My brainstorming basics are simple.  Meet less.  Think more.   Draw inspiration from your day’s little moments.

Why Brainstorming Doesn’t Spark Innovation

This article is an interesting read because it focuses more on the science of “brainstorming”, and actually compares it to “leeches”. Here is a little tidbit:

The theory of brainstorming is that you turn off your analytical left brain, turn on your intuitive right brain, and creative ideas pop out. But neuroscience now tells us that there is no right or left side of the brain when it comes to thinking. Creative ideas actually happen in the mind, as the whole brain takes in past elements, then selects and combines them — and that’s how creative strategy works.

This article, actually linked to the following discussing innovation, entitled, “From Intuition to Creation“, and how some of the ideas aren’t necessarily “innovation”, but simply rehashing “best practice”.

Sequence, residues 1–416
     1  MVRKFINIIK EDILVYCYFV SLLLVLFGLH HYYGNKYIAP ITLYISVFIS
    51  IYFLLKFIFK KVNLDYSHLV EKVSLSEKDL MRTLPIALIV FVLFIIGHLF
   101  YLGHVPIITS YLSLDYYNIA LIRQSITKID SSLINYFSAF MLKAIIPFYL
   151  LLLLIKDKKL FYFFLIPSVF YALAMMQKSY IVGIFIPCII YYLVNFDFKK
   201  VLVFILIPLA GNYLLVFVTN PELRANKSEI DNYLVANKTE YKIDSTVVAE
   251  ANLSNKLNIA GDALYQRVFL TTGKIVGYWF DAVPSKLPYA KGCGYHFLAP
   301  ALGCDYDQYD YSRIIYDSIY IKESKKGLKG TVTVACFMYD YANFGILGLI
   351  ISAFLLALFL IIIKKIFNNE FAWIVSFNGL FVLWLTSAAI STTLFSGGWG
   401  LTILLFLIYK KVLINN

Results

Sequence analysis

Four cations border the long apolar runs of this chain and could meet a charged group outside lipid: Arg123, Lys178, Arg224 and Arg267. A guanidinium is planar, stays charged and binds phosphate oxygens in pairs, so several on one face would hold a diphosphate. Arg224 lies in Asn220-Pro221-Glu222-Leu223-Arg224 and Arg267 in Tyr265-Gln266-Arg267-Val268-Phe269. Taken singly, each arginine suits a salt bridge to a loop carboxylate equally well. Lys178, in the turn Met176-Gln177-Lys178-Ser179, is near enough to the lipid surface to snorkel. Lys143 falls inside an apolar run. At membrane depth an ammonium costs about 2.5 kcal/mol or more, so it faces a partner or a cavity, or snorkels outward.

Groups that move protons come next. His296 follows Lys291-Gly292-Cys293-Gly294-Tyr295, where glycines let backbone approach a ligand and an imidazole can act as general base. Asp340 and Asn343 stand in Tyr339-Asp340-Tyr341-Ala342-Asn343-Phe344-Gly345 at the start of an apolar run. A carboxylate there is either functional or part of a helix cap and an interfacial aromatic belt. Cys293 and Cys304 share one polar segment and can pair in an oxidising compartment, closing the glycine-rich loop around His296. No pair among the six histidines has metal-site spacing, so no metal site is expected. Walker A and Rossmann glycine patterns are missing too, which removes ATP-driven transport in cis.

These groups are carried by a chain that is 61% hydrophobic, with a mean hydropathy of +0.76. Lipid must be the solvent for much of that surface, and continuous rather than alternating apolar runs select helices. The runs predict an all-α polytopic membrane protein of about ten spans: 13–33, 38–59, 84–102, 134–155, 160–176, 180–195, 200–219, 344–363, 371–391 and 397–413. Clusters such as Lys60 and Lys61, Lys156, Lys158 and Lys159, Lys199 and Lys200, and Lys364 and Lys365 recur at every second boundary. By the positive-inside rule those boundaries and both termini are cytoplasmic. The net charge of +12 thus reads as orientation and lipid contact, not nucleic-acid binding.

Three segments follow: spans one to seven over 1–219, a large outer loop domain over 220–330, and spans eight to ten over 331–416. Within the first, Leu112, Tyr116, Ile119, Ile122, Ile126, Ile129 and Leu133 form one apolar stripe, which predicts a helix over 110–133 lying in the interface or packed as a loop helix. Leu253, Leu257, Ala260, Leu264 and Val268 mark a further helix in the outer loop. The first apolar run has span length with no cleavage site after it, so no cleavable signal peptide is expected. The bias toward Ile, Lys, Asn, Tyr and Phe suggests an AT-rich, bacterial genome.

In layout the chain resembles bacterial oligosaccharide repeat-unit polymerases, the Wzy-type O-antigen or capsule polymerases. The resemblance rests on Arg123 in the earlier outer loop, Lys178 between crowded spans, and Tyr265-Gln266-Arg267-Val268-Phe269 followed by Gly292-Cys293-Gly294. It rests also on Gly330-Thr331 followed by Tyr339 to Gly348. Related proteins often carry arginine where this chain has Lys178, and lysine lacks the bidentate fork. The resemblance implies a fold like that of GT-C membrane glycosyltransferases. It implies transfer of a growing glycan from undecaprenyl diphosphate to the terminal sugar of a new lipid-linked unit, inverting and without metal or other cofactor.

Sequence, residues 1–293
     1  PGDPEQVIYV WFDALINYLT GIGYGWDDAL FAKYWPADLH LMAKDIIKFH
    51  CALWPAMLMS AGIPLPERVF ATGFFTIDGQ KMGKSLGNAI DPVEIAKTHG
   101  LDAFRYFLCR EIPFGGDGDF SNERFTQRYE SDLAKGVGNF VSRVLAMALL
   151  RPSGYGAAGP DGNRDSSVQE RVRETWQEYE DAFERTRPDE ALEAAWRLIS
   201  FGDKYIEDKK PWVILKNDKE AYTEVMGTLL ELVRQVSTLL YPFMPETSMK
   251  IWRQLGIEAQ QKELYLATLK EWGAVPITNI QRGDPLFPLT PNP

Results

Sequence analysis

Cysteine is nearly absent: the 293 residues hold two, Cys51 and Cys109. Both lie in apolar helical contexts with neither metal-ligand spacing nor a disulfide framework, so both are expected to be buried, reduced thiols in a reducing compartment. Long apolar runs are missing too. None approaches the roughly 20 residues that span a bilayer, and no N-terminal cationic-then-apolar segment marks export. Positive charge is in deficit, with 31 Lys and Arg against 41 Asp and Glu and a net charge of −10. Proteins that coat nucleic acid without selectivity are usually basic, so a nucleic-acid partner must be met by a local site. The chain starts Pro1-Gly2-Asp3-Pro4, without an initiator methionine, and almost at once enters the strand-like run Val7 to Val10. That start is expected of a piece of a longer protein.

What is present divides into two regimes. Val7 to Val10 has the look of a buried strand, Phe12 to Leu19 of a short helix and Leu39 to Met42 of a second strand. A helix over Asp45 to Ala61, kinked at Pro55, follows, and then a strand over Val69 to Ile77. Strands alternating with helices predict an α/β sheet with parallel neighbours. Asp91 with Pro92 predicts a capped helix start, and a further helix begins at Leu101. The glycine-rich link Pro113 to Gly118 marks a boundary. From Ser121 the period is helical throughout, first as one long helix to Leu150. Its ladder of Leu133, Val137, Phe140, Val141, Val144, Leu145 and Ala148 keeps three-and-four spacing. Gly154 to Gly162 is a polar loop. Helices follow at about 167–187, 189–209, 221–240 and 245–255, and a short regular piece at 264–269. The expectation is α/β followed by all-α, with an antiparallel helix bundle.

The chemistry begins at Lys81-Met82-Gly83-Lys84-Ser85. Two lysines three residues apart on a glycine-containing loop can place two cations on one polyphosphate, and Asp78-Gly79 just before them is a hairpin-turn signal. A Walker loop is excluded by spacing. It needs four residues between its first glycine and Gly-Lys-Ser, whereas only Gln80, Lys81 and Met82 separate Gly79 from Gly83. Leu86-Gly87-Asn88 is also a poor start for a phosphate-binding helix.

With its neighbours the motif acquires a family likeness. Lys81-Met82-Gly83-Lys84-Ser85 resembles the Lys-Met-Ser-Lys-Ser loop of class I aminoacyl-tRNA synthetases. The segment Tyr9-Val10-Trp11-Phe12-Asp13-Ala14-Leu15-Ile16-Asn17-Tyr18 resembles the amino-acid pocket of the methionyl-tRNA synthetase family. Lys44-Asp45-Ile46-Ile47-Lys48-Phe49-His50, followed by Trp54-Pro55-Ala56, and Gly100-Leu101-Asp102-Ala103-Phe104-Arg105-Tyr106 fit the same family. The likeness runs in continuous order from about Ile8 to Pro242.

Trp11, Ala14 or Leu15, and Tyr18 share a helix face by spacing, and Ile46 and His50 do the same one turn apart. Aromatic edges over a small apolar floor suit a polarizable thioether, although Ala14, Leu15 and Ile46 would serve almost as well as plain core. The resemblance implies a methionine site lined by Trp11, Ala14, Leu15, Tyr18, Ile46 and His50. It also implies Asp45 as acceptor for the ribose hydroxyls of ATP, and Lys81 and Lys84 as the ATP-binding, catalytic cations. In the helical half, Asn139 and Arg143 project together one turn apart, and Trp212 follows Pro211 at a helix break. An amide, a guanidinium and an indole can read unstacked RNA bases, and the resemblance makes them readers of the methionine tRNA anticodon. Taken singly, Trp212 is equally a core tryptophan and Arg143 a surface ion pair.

Brainstorming works fine when you don’t need an innovation. People brainstorm mostly to solve problems they already know how to solve with their current expertise, at least as a group. When you brainstorm, you really throw out ideas from your personal experience — these come to mind fastest and strongest. If you have a problem that the total personal expertise of six people can solve, then brainstorming is very efficient. But if the solution actually lies outside their personal expertise, brainstorming is a trap — you toss out ideas and get conventional wisdom, not an innovation.

This really makes me think about the differences between “solving a problem” and “creating a solution”. Are the two phrases always the same?

Why Brainstorming is Bad For Creativity

I thought this was a great article, for two reasons.  First of all, how much do we really listen to others ideas when we are trying to share our own great ideas.

Remembering what you were going to say is not easy when you’re listening to others sharing their ideas. Chances are you’ll have forgotten your brilliant idea by the time you finally get to speak. Even worse, the entire time you’re trying to listen while remembering your own idea, you won’t be able to generate new ideas. The classical brainstorm session limits the amount of ideas that can be generated in a set amount of time. The more people you add to a brainstorm-group, the fewer ideas will be generated per participant per hour.